5. Now that NOAA Workforce Management has (finally) cleared me, I can announce that in June I'll be starting at NWS Marquette, Michigan! That's right, I'll be a Yooper! As I move from Lawn Guyland to Da Yoop, I'm excited at all the new opportunities and blah blah blah but I'm most excited about adding a new hideous accent to my repertoire. Their snow depth for the season went to 0 on May 1st. Next +NAO/-PNA La Nina winter I'll mail you guys a cooler full of Lake Superior's Finest™.
  6. Mom has 11" in Bensalem. I don't think I can remember ever seeing the tree limbs sag this much before.
  7. Yeah I like this map. Am I missing something? Climo is an important part of a good forecast.
  8. Anyway fwiw here's the snowfall accumulation map from our in-house NAM-WRF: (Sorry for the bad acid trip colors; one of these days I'll get around to cleaning it up...)
  9. That's way low, imo. We have a strong cyclone rapidly deepening as it approaches (before pulling away later) and as precip begins to thin out. Anywhere that begins to deepen the PBL, even just to 1000 feet or so, could gust over 60 mph. The heavy rain + already wet February + gusts has been concerned for widespread trees down and power outages in eastern PA if I'm being honest. Hopefully others would agree but I don't think I'm generally one to hype.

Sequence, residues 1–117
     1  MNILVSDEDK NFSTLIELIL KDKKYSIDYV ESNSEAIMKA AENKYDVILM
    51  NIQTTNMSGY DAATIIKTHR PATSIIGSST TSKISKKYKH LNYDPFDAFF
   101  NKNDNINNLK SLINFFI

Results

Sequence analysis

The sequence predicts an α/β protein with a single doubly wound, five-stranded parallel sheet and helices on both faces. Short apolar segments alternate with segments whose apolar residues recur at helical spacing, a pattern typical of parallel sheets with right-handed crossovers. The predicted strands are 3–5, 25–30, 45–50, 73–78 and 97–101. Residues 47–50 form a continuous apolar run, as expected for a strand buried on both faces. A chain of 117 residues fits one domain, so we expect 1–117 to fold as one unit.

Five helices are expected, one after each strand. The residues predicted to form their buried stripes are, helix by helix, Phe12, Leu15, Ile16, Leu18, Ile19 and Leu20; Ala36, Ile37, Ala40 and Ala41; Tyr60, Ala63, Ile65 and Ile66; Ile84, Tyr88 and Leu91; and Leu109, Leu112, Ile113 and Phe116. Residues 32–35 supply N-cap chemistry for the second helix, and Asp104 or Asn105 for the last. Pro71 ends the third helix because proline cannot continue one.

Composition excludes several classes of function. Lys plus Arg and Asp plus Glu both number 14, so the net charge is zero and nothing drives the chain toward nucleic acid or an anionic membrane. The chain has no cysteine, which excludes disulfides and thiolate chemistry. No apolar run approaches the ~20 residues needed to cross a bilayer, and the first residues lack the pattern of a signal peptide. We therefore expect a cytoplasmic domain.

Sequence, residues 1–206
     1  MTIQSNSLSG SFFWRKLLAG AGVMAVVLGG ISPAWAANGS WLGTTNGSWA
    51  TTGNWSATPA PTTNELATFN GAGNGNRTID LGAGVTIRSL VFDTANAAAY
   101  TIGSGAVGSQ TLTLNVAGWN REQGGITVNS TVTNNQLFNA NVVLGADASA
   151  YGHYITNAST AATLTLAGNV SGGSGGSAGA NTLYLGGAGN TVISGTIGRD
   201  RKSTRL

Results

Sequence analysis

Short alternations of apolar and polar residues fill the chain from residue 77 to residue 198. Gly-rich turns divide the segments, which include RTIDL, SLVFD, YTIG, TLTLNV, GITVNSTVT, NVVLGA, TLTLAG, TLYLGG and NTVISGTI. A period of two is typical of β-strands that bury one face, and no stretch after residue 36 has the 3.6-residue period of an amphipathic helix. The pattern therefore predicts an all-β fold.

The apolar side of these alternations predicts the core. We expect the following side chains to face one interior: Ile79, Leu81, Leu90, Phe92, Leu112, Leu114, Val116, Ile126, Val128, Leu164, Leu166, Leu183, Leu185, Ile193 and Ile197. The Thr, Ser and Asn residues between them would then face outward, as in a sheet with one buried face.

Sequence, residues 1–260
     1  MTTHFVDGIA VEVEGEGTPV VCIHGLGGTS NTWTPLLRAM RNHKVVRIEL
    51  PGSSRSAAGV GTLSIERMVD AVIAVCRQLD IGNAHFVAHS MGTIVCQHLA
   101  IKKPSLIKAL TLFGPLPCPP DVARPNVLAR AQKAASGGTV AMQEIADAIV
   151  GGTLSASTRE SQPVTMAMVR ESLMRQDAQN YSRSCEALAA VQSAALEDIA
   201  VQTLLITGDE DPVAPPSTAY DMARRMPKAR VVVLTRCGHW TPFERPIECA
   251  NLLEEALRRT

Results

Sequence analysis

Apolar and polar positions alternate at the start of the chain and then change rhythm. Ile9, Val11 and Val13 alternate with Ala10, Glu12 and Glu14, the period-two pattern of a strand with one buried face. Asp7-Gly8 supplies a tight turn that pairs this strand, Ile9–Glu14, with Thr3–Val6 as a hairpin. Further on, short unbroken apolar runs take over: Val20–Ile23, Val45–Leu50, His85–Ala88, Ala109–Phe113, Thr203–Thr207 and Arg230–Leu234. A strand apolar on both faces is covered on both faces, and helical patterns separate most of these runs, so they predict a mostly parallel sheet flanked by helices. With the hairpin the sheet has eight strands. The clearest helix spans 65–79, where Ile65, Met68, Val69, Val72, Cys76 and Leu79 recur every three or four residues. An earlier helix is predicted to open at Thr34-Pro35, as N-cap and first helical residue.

10. Not sure. I mean just from basic dynamics, yes it would be coincident with the greatest height gradient. And if you think about it, extratropical cyclones always have the maximum wind removed from their centers because the height gradient follows the temperature gradient pattern of a baroclinic wave (think hypsometric equation, thickness being proportional to temperature). So to have the maximum PBL-top wind over eastern PA rather than closer to the cyclone center isn't at all inconceivable.
  11. So uh, yeah, that's 90 kts at 925 mb showing up over the PHL area on our in-house WRF...
  12. Yup. I forget if it was PHI or OKX but one of the AFDs actually used the word you're thinking of here: Ekman Transport. Large water bodies are generally under Ekman Balance, which is the balance between wind stress forcing and Coriolis force, thus, water movement deflects to the right of the wind in the Northern Hemisphere.
  13. Have I just never paid attention to Coastal Flood Watches before (very possible) or is the extra table with MLLW and MHHW new in response to my complaining last night? Haha